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Here’s how job growth is negatively impacting the US housing market

Photo: Robert Clark

National US home prices rose again in December, spurred by increased demand and limited supply.

Increased job growth is creating more homebuyers but supply continues to tighten, driving up home prices, according to the February CoreLogic Home Price Insights (HPI) released today.

Over the last year, national home prices rose 6.6 percent in December — this marked the fifth consecutive month of annual price growth. At the same time, prices were up 0.5 percent from the previous month.

CoreLogic included distressed home sales in its calculation of home price appreciation for the HPI.

And while the number of available homes for sale has remained “very low” in recent months, job growth is rising. Also, the national unemployment rate fell to 4.1 percent in December 2017, the lowest level in 17 years, further supporting an increase in the homebuyer population.

“Job growth increases the income and financial wealth of households, placing families in a better economic position to afford mortgage payments and the down payment. Metro areas with low unemployment rates may offer more opportunities to earn income and build wealth. These areas also attract workers from other parts of the US, adding to housing demand in their area,” Dr. Frank Nothaft, chief economist for CoreLogic, tells BuzzBuzzNews.

Additionally, rising income and consumer confidence has helped boost the number of prospective homebuyers, and thus increasing demand. Factor in tight inventory levels and the result is the rise in home prices we’re seeing now.

Four states recorded double-digit annual price growth in January: Washington (12 percent), Nevada (11 percent), and Idaho (10.7 percent).

Increased demand is having a similar effect on the rental market, driving up rents nationwide — especially in larger markets.

Meantime, the CoreLogic HPI predicts national home prices will increase 4.3 percent on a year-over-year basis from December 2017 to December 2018, but will decrease on a monthly basis by 0.4 percent from December 2017 to January 2018.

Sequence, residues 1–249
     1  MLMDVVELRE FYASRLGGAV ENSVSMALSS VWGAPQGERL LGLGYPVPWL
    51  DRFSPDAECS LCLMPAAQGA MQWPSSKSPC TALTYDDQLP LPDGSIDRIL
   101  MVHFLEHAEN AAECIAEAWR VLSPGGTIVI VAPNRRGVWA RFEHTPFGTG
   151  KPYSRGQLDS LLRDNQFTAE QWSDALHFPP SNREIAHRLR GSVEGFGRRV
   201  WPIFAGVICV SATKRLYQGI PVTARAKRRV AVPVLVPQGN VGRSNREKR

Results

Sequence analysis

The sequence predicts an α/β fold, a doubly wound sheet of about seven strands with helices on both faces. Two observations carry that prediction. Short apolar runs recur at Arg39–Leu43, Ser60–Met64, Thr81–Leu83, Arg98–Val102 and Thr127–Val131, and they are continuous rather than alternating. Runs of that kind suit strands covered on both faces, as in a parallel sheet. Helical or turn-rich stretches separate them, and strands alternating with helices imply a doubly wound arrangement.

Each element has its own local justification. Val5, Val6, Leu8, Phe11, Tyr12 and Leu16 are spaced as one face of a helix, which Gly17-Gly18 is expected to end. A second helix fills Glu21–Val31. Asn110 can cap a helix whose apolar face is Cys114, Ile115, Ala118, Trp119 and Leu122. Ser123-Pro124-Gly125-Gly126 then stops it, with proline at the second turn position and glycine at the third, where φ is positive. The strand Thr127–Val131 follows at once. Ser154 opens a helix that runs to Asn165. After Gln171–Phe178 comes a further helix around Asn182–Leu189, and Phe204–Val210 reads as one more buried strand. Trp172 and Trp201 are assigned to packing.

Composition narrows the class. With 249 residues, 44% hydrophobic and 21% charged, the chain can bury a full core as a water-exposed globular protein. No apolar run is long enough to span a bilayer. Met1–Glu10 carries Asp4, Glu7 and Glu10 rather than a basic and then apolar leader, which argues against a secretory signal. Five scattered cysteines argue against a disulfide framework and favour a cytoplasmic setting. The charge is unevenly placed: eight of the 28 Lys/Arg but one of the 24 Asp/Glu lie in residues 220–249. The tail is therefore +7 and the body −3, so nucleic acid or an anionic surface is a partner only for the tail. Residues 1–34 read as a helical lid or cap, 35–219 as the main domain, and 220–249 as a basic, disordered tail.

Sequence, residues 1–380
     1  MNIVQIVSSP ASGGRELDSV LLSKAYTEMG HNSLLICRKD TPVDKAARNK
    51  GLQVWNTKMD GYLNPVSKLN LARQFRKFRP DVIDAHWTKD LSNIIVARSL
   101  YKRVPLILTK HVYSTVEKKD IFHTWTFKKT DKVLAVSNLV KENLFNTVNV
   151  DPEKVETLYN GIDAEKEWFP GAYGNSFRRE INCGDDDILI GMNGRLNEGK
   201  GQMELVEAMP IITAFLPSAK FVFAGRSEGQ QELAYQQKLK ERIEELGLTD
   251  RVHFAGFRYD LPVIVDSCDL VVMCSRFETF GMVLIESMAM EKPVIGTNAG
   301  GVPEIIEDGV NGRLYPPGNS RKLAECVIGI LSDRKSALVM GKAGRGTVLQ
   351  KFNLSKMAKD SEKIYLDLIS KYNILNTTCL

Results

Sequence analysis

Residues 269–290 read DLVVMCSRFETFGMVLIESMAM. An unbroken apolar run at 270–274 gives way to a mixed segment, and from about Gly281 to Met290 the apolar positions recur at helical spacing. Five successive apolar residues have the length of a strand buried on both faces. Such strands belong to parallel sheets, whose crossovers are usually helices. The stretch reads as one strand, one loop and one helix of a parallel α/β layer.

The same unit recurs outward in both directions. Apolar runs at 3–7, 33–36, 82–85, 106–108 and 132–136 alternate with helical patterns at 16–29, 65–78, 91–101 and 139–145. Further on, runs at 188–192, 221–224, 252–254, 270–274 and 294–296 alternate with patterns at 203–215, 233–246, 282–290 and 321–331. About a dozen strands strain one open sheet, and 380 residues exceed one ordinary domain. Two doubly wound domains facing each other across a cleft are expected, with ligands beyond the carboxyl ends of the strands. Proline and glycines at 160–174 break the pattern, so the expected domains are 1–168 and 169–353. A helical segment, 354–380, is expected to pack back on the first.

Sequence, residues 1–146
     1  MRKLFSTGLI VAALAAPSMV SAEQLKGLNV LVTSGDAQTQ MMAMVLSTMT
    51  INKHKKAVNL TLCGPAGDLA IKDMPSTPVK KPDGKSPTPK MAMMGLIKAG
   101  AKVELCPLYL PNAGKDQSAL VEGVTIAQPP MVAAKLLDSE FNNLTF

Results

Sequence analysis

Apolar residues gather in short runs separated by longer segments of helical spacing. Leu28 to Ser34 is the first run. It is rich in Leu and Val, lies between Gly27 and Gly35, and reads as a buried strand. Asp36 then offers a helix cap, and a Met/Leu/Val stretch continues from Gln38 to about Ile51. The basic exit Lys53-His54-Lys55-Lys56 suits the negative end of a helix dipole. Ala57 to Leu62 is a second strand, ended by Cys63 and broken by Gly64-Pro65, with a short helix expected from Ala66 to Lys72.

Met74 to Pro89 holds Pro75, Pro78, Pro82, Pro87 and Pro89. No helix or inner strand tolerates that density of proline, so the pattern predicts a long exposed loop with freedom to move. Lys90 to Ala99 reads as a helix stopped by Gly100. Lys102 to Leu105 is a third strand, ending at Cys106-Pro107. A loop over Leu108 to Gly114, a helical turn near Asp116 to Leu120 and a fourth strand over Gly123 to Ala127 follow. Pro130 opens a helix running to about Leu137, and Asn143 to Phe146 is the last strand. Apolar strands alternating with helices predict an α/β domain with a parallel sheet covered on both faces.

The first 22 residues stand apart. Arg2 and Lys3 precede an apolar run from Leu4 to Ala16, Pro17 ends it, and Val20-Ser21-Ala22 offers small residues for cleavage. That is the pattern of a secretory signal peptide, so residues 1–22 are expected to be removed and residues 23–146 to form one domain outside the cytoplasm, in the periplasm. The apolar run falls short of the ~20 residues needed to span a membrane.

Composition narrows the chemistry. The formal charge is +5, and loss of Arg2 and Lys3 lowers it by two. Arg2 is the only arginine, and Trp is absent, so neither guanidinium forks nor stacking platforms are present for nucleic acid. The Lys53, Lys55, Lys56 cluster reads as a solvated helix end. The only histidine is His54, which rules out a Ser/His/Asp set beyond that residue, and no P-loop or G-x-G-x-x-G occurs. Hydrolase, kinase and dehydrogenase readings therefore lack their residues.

And, with continued home price appreciation predicted in 2018, finding affordable housing could prove even more challenging for first-time home

“As home prices and the cost of originating loans rise, affordability continues to erode, making it more challenging for both first time buyers and moderate-income families to buy. At this point, we estimate that more than one-third of the 100 largest metropolitan areas are overvalued,” Frank Martell, president and CEO of CoreLogic, says in the digital release.

First-time homebuyers can best prepare for buying by getting their financial house in order.
“Pay down some or all other debts or, at a minimum, have no recent credit delinquencies; keep records to show that they have been able to meet regular monthly payments for rent, utilities and other recurring obligations; and have been able to save enough to make the down payment, closing costs and still have some savings in reserve for unexpected contingencies,” Nothaft says.

Also, getting a letter of pre-approval by a lender helps give a seller added confidence that the prospective homebuyer will qualify for a mortgage. And, first-time homebuyers shouldn’t rush into a sale.

“Once they find the type of neighborhoods and homes that meet their needs, they will be in a position to seriously consider the various homes that are on the market for sale,” advises. Nothaft

Click here to read the entire release.

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